The kit ($23.95) comes with two stackable silicone trays with holes in them for ventilation, plus a small, non-adjustable mandoline that's set for the right thickness for thin potato chips.
I'll admit when I was first offered this item for review, I turned it down. It looked too gimmicky. Too much like a toy.
And then the potato chip addiction hit, and I said, sure, send it.
The first batch I made, I followed the super-basic instructions to slice the potatoes, make sure they're dry, then arrange and microwave for about 3 minutes for 1 tray and one extra minute for a second tray, then 30 seconds longer until the chips were done. With two trays pretty well packed with potato slices (but not overlapping) it took about 5 minutes to crisp the chips and get a little browning.
The chips were okay, but a teeny bit bland. The next batch I soaked in some salted water to rinse off the starch and season the chips a bit. I don't like super-salty chips, but I wanted a little more flavor. And ... perfect. I didn't miss the frying-oil flavor at all.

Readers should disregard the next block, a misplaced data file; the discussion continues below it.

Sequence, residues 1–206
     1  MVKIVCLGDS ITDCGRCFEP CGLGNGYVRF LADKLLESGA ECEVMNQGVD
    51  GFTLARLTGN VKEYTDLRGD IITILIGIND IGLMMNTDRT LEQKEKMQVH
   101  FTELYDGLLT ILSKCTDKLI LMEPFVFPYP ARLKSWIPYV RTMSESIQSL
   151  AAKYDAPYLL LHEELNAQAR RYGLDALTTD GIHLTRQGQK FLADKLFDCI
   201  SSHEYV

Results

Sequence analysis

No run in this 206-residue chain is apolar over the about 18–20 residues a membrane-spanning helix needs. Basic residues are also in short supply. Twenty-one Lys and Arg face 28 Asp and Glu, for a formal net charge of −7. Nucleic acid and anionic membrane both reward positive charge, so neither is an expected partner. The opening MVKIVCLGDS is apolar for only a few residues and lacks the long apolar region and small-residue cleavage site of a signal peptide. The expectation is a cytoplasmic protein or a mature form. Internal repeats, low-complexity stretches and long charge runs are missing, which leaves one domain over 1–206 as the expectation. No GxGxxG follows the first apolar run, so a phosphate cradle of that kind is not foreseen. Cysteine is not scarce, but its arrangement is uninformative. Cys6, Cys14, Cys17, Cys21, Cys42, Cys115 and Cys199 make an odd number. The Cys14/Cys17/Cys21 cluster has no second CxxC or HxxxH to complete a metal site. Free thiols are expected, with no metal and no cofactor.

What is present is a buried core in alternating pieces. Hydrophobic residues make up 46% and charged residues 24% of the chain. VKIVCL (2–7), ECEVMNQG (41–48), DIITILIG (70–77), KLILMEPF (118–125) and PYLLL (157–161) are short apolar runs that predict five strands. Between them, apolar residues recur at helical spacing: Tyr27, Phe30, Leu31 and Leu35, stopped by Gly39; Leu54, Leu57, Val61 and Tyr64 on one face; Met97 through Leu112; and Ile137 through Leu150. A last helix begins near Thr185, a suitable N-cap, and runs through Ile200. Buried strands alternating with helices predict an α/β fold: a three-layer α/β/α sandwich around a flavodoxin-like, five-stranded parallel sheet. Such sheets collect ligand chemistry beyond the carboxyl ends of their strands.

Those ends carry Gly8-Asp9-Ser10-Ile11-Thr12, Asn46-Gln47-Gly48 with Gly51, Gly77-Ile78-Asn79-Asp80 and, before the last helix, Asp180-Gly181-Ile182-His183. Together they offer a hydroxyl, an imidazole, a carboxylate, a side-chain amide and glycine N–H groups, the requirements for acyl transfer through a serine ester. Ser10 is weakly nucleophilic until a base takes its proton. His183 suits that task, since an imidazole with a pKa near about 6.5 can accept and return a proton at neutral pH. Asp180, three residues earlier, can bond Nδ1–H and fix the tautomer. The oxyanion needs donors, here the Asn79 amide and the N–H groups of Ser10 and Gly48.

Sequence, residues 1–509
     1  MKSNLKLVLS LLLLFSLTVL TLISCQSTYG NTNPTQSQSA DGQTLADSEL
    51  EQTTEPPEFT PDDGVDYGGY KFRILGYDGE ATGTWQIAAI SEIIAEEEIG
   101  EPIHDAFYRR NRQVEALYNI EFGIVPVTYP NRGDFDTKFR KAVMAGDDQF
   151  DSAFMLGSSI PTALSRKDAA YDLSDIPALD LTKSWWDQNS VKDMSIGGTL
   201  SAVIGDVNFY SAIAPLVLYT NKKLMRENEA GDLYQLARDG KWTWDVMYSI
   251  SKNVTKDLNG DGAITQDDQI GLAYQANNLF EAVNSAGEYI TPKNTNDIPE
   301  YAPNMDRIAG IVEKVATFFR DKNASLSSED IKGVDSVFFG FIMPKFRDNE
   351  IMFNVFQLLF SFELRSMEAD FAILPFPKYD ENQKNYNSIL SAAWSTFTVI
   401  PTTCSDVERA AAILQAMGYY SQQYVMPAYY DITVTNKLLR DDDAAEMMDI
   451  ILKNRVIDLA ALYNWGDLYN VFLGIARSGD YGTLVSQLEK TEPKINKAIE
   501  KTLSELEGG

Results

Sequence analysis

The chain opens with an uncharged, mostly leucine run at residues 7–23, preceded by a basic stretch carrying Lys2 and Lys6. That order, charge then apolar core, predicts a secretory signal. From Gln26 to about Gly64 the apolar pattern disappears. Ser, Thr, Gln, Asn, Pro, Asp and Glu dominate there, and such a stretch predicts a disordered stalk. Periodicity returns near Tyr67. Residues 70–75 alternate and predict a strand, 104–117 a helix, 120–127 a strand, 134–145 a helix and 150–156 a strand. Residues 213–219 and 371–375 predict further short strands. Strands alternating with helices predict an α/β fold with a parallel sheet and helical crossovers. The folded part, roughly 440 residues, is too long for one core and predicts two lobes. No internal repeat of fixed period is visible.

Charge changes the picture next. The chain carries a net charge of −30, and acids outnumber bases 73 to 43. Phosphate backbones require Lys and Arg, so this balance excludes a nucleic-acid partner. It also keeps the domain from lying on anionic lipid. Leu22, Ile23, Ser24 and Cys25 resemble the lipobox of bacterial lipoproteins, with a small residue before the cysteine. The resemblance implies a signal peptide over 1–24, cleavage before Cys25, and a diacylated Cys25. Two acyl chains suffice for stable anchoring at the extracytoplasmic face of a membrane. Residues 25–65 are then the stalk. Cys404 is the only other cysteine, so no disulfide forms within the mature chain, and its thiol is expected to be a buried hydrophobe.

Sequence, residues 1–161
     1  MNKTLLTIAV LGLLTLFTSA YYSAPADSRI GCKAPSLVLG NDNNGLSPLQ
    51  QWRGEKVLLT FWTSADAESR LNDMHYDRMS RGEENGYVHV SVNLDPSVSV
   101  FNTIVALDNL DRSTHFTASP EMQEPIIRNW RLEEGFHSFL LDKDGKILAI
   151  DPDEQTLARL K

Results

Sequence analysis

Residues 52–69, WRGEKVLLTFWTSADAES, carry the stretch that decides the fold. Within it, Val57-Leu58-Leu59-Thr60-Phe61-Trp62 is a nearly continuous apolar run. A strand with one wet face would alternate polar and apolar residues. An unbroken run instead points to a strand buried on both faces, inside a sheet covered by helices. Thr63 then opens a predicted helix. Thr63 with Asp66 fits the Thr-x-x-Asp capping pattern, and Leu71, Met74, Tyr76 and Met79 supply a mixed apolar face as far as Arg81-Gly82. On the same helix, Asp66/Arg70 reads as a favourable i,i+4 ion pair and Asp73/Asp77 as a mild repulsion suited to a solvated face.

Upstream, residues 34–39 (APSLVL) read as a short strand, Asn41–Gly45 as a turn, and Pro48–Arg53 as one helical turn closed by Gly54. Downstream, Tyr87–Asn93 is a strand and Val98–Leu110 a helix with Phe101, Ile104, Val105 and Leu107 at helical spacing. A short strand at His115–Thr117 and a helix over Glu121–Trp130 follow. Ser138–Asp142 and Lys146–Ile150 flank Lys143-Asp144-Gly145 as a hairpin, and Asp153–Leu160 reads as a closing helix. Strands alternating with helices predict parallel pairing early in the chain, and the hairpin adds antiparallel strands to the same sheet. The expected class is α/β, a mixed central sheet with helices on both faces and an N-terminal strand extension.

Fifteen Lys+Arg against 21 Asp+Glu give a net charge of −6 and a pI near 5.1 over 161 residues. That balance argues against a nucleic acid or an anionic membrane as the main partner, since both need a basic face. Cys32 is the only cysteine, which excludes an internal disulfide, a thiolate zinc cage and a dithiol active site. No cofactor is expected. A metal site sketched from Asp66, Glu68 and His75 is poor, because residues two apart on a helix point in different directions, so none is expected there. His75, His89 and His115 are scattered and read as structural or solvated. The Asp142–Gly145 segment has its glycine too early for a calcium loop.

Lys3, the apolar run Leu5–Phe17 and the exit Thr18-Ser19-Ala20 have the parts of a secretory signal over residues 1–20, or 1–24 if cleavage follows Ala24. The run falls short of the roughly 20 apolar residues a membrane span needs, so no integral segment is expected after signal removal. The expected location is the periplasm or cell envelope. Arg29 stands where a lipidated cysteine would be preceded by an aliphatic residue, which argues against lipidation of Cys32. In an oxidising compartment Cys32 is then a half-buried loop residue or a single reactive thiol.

The instructions suggest that you can make chips from carrots, mangoes, apples, sweet potatoes, and pears, besides regular old potato chips. It specifically recommends against beets and basil. I have no idea why.
It it gimmicky? Yeah, a little. But I'm okay with that. What I'm not okay with is how many batches of flavored potato chips I'm likely to be making in the future. But they're fat-free, so it's okay, right?
The product was supplied for the purpose of a review on Serious Eats; this was previously published on Serious Eats.